• Tigriopus californicus: Loaded with amino and omega-3 fatty acids, Tigriopus copepods make a nutritious meal for even the pickiest of fishes. These pods occasionally inhabit the water column and make quick bursts of movement as they "Swim" which makes them an easy target for your critters. Females can lay hundreds of eggs during their lifecycle. These harpacticoids contribute to your clean-up crew by consuming detritus and nuisance alga.
  • Tisbe biminiensis: Small and hardy, these harpacticoid copepods tend to inhabit the cracks and crevasses of live rock and macroalgae. Their secretive nature helps them to maintain lasting populations in marine aquaria. Like the above, Tisbe copepods add to your clean-up crew by consuming detritus, phytoplankton, and invasive algae in your aquarium; think of these guys as the smallest big mouths in your food chain.
  • Apocyclops panamensis: Being slightly larger than Tisbe and slightly smaller than Tigriopus, these resilient copepods round out your tank's zooplankton size range. Apocyclops is extremely nutritious with a very high amino acid and protein content. It reproduces quickly by laying eggs every 4-6 days--about twice the rate of Tisbe and Tigriopus! This cyclopoid spends much time in the water column, providing a continuous source of nutrition for seahorses, swallowtail angelfish, etc.
  • Oithona colcarva: This highly adaptable pod is a cyclopoid like Apocyclops but spends even more time in the water column. Oithona also feeds on smaller particles, consuming suspended items as minute as bacteria. Its nocturnal nature helps to prevent it from being completely decimated by hungry zooplanktivores.
  • Euterpina acutifrons: Hailing from the order Harpacticoida, the coastal dwelling Euterpina acutifrons is a non-selective herbivore loaded with a variety of proteins and amino acids that are perfect for bolstering the health and longevity of fish and corals.

Blended Copepod Cultures

Poseidon's Feast
Poseidon's Feast
Contains Tigriopus & Tisbee Copepods.
Great snack for Mandarin Dragonets and other substrate-hunting fish

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5280 Pods
5280 Pods
Contains Tisbe, Tigriopus, and Apocyclops
A perfect blend for both substrate hunting (Mandarins) and suspension-feeding fish like Anthias

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Contains Tisbe, Tigriopus, Apocyclops, and Oithona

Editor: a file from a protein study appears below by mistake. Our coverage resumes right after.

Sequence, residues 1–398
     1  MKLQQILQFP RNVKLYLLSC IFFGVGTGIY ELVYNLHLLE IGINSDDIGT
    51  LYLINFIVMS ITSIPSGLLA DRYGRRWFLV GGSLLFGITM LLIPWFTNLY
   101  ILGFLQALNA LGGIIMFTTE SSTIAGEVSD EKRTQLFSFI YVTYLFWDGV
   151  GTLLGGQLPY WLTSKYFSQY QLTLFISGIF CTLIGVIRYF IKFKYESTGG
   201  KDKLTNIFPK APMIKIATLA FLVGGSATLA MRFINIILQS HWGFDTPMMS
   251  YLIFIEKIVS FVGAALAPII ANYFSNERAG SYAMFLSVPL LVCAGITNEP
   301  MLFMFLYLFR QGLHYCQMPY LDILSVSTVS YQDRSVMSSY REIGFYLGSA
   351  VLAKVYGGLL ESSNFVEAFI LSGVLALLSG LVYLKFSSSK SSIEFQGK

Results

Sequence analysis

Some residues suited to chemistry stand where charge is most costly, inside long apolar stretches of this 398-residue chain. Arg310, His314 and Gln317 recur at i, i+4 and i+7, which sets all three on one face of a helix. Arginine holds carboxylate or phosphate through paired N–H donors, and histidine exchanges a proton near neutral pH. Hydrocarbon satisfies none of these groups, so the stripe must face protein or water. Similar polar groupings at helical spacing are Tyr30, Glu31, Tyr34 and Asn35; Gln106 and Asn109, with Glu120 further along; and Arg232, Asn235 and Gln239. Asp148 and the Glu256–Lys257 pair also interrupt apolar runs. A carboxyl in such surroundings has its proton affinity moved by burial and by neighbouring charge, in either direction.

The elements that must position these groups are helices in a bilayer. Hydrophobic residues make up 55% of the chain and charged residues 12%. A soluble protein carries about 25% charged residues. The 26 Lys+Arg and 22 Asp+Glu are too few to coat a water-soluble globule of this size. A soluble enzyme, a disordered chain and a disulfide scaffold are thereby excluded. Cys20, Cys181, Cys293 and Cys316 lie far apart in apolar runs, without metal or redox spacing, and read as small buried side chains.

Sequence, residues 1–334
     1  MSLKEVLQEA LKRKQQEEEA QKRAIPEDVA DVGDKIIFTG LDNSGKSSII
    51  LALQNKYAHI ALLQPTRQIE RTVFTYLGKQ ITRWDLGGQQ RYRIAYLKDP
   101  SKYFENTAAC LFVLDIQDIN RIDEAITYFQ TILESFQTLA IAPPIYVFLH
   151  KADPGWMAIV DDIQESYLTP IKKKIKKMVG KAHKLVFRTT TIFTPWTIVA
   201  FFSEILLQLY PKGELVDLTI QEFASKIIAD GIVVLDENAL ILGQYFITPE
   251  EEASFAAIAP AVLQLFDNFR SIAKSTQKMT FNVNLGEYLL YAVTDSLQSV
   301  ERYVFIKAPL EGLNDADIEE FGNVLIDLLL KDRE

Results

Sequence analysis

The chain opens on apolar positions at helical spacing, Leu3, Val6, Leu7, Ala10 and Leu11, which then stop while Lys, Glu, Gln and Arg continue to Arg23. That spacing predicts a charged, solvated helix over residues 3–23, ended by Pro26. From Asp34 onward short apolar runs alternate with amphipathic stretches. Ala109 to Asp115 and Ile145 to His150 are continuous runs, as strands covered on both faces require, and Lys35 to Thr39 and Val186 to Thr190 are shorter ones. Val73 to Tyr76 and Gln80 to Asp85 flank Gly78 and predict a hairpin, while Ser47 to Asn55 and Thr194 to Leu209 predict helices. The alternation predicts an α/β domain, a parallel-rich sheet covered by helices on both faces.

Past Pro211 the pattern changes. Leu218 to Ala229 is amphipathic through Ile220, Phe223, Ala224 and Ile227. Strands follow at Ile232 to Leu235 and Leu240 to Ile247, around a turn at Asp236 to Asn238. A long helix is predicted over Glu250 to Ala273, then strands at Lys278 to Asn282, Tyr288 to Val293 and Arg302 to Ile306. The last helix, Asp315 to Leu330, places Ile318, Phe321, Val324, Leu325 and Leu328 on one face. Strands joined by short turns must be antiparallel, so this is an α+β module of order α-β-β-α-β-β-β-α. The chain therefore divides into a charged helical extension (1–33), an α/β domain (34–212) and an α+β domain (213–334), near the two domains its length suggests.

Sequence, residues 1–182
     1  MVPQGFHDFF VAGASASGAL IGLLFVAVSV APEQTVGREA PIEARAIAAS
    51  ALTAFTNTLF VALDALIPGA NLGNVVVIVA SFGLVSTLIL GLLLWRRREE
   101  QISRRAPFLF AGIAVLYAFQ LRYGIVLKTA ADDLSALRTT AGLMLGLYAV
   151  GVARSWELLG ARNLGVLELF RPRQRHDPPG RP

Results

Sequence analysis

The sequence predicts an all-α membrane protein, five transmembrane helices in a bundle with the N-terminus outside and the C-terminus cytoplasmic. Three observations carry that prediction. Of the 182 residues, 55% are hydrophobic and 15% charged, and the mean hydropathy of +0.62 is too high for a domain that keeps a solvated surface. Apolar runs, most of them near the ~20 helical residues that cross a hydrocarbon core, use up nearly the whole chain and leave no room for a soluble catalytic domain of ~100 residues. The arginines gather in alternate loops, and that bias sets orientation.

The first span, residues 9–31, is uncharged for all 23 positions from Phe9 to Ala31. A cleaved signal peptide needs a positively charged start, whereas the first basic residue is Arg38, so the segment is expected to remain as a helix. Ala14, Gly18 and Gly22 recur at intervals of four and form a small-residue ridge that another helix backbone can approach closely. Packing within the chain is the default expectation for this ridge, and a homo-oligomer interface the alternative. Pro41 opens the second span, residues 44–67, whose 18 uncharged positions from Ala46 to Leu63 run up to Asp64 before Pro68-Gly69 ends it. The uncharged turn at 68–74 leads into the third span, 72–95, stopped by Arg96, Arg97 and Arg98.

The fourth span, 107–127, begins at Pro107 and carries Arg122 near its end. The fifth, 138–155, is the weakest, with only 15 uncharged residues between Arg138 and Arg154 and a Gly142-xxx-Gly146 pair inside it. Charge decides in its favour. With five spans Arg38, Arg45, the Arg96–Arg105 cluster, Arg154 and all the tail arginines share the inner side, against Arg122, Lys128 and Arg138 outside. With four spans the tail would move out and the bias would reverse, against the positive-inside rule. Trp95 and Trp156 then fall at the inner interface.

A diverse blend for all of your fish and corals

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Galaxy Pods
Galaxy Pods
Contains Tisbe, Tigriopus, Apocyclops, Oithona, and Euterpinah
The most diverse blend that will feed your entire reef and help to reduce the spread of nuisance algae

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Single Species Copepod Cultures

Single species pods are great for boosting the populations in an existing aquarium or when you have a specific fish or animal that will benefit from this type of pod in the aquarium. 

Tisbee Pods
Tisbee Pods

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Tig Pods
Tig Pods

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How To Introduce Copepods Into Your Aquarium

Pods are best introduced into your aquarium before the tank has been heavily stocked with fish and other animals that can prey upon them. In fact, adding pods just after your tank has cycled can be very beneficial in the maturation process of your aquarium and help fend off some of the common pests we encounter through the "ugly stage". That said, you can add pods to your aquarium at any time and still benefit.  

  1. It is best to introduce pods at night when the fish and other animals are less active and less likely to prey upon them right away.
  2. Temperature acclimate the pods by floating the jar in your aquarium for 10 minutes.
  3. Turn off your return pump and filtration, then reduce flow via powerheads to allow the pods to settle. 
  4. Pour pods directly into your display or refugium.
  5. Resume water flow after 30 minutes

Mandarin DragonetPhoto credit: Algaebarn

Do I Need to Feed My Copepods?

In an established aquarium, copepods will likely sustain via detritus and bacteria that naturally exist. Supplementing the pods by dosing live phytoplankton in the aquarium increases their nutritional value and will help sustain the population of pods in new aquariums and when attempting to establish a robust population. Live Phytoplankton also feeds corals and other filter-feeding invertebrates in your aquarium so the benefits are multifold so long as you maintain acceptable nitrate and phosphate levels. 

Do I Ever Need To Add More Pods?

Inevitably, the diversity and population of copepods will ebb and flow over time based on available resources and predation. Certain species of pods just wind up dominating the aquarium over time. By "boosting" your aquarium with a blend of pods on an annual basis, you can ensure you are maintaining the most diverse biome and, therefore, gaining the maximum benefit from the presence of pods in your tank.